DRESDEN, Germany (Reuters) - Japanese Finance Minister Taro Aso on Thursday fired a verbal warning shot against the yen’s slide, saying that the decline in recent days had been “rough” and he would monitor foreign exchange markets carefully.
The dollar climbed to a 12-1/2-year high against the yen earlier on Thursday as investors bet that U.S. interest rates would rise later this year while Japanese monetary policy remains ultra-loose.
“The current yen weakening in the past few days has been rough. I will closely monitor market moves,” Aso told reporters on the sidelines of a gathering of finance ministers and central bank chiefs of the Group of Seven countries in Germany.
The remark was stronger than recent mild warnings by Japanese policymakers against excess currency turbulence, cautioning markets against pushing the yen down too rapidly.
Japan’s export-reliant economy has historically suffered from a strong yen, so many policymakers have welcomed limited yen declines.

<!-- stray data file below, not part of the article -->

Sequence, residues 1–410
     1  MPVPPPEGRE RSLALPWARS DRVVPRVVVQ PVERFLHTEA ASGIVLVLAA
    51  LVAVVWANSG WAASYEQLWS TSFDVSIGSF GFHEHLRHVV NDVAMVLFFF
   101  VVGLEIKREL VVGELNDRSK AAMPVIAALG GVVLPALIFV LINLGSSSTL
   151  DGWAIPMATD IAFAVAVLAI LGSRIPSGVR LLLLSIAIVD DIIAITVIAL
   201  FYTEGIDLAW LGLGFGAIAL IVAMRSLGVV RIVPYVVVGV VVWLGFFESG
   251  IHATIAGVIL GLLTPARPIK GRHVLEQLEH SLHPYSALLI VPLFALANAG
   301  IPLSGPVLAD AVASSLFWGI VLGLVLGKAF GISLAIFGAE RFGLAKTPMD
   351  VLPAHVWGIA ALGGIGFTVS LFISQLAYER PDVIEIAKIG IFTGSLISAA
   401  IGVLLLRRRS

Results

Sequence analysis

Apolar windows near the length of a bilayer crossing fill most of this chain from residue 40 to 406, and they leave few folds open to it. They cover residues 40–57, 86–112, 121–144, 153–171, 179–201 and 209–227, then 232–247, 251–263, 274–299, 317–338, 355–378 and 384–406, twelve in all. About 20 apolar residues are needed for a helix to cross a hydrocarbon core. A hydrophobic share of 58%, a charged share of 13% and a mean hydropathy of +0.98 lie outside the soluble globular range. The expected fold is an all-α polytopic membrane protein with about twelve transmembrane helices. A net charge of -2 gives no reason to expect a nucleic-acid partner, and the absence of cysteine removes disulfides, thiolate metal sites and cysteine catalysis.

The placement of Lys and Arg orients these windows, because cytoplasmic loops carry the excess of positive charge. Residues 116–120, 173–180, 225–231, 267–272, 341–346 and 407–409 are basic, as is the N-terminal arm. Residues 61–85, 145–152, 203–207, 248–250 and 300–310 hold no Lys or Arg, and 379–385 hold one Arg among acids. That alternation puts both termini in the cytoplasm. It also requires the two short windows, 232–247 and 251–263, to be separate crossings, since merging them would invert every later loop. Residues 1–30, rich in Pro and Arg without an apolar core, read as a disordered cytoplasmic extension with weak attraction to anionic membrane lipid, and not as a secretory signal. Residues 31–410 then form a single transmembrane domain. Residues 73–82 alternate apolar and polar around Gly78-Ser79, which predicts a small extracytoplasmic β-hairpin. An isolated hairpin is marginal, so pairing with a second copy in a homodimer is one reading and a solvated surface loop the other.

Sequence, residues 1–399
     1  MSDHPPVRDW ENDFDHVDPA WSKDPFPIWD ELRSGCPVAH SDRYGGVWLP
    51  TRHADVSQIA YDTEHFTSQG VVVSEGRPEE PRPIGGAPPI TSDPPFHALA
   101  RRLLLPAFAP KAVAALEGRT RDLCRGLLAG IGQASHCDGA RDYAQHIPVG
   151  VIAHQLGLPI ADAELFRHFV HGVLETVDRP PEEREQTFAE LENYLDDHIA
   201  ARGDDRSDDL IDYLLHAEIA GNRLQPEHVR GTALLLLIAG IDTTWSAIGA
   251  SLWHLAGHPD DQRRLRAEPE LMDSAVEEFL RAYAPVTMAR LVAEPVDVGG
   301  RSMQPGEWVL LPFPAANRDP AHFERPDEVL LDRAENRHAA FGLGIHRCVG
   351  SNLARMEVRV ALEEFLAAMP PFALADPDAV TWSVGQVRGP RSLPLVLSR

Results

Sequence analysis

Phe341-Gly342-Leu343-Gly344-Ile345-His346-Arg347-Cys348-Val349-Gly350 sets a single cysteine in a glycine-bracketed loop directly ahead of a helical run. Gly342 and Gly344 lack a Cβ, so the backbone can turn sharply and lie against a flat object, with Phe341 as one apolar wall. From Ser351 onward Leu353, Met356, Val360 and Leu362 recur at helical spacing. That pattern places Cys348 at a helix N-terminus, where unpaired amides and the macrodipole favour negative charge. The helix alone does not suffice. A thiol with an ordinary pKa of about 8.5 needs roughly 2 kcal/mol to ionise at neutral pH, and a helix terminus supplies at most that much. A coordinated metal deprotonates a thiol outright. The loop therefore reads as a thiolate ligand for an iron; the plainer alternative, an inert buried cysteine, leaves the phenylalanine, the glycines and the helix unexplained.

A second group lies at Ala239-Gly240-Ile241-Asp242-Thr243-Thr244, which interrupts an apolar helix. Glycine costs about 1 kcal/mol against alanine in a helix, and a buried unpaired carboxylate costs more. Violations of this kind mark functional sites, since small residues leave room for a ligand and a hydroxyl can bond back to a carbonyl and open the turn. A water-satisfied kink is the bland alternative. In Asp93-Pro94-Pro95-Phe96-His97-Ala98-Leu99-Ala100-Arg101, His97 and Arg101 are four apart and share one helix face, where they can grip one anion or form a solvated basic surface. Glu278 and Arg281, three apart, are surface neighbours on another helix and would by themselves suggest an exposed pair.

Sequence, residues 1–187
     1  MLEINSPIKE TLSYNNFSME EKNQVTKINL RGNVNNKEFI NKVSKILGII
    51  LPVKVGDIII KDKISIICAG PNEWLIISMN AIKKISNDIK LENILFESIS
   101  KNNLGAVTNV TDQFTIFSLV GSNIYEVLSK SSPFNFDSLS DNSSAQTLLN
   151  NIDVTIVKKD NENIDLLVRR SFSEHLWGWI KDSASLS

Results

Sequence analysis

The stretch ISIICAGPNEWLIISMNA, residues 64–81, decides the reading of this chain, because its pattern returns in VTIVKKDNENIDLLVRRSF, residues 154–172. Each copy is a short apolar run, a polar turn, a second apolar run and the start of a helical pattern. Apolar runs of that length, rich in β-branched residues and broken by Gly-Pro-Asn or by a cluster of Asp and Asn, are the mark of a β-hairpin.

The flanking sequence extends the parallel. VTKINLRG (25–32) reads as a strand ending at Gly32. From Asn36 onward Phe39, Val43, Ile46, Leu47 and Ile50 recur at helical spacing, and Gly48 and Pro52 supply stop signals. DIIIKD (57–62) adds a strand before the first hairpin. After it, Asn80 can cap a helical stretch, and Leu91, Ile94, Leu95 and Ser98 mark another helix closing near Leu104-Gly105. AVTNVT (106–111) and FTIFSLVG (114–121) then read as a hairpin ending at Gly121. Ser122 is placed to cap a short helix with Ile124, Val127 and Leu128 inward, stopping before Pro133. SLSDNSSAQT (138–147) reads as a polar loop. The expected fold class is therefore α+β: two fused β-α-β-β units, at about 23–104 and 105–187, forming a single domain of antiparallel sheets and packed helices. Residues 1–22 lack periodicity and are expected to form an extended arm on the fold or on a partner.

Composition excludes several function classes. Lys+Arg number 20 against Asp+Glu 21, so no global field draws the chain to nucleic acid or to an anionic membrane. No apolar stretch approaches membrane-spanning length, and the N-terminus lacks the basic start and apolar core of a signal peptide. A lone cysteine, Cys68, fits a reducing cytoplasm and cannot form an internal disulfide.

But some have begun to worry about the drawbacks, such as boosting import costs and eroding consumers’ purchasing power, which could outweigh benefits to exporters.
Aso said G7 finance leaders did not discuss currencies at Thursday’s gathering.
But Aso said he had reaffirmed the G7/G20 commitment on currencies when meeting U.S. Treasury Secretary Jack Lew.
G7 and G20 major economies are committed to market-determined exchange rates.
Japan last intervened in the markets in November 2011, to stem a strengthening yen. It last bought the yen to arrest its decline versus the dollar in the late 1990s, when the country was grappling with the Asian financial crisis and its own banking crisis.
Writing by William Schomberg and Tetsushi Kajimoto; Editing by Andrew Roche